Furthermore, we believe that education is the primary means of changing society. Society must change if the human race is to survive—and we must ignite the spark. We must focus on the children of today because they are the adults of tomorrow. We must teach them to make smart, ethical decisions. We are passionate about the environment; we are passionate about environmental education. We must be examples for society, inspiring others to disseminate the message of environmentalism as well. Education makes environmentalism accessible and socio-environmental change a collective and realizable goal.

Environmental Education is a Journey: PERSPECTIVE

We see our project as part of the journey of environmental education. There have been efforts in recent years to educate society—particularly children—about the environment. Government officials and policy makers, such as the New York Department of Education, have begun to respond to the growing demand for environmental education in public schools, especially in urban areas where an experiential focus is difficult.
On a national level, the National Environmental Education Act, passed in 1990, requires the Environmental Protection Agency (EPA) to increase environmental literacy among young America. The act acknowledges that prior to 1990, efforts and energies toward educating our youth about our precarious environmental future were insufficient ( The program calls for training professionals and educators in environmental studies. The EPA is expected to work with local educational institutions to implement programs related to the environment. Their website provides many useful resources for children and teachers, including an environmental club for kids. They offer classroom visits and teacher workshops. However, it is uncertain how many teachers are taking advantage of these resources. With so many expectations placed upon them in the classroom, teachers need accessible resources that can be integrated into their curriculum.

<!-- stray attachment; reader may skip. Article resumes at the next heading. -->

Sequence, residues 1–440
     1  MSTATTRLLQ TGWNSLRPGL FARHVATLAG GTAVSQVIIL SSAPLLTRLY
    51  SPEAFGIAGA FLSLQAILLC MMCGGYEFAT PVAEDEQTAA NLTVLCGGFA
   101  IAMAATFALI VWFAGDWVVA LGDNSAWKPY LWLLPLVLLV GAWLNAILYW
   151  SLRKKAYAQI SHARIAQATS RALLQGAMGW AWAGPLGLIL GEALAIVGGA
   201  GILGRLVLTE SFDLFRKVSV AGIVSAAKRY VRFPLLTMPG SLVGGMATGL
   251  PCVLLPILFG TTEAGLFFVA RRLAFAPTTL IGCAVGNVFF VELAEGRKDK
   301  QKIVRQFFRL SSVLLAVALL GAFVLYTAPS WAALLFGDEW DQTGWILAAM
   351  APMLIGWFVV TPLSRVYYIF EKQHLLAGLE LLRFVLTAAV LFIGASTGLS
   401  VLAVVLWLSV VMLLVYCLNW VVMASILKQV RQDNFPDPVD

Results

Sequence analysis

A model for integrated, experiential learning is the Everett Children’s Adventure Garden in the New York Botanical Garden in the Bronx. Opened in spring 1998, the Adventure Garden provides a place for schoolchildren to experience nature firsthand—close to home. A visit to the Garden can be an enjoyable field trip for an elementary (or even secondary) school class in New York City. Teachers can provide students the opportunity to explore concepts covered in the classroom in a hands-on environment. If teachers can integrate field trips like these into the set curriculum, environmentalism in the classroom will be a much more realistic goal for educators and exponentially more palpable for students.
But despite these resources, the truth is the quantity and quality of programs available to teachers is very limited. We need programs that are going to inspire young people to value our planet and devote themselves to working not to destroy it. We believe that those programs with a hands-on, experiential approach and those that deal with issues which seem real and important to children have been the most successful. Thus, by learning from programs such as the Adventure Garden, we hope to devise a curriculum that will truly resonate with children. Our lessons will be interactive because experiential learning is crucial to making the abstract concepts of environmentalism and environmental ethics tangible to young minds. As educators, we will be sensitive to the levels and needs of our students. We hope that students leave the program with the perspective that they are a part of the natural world, and that environmental education is a life-long, gratifying journey towards a more sustainable future.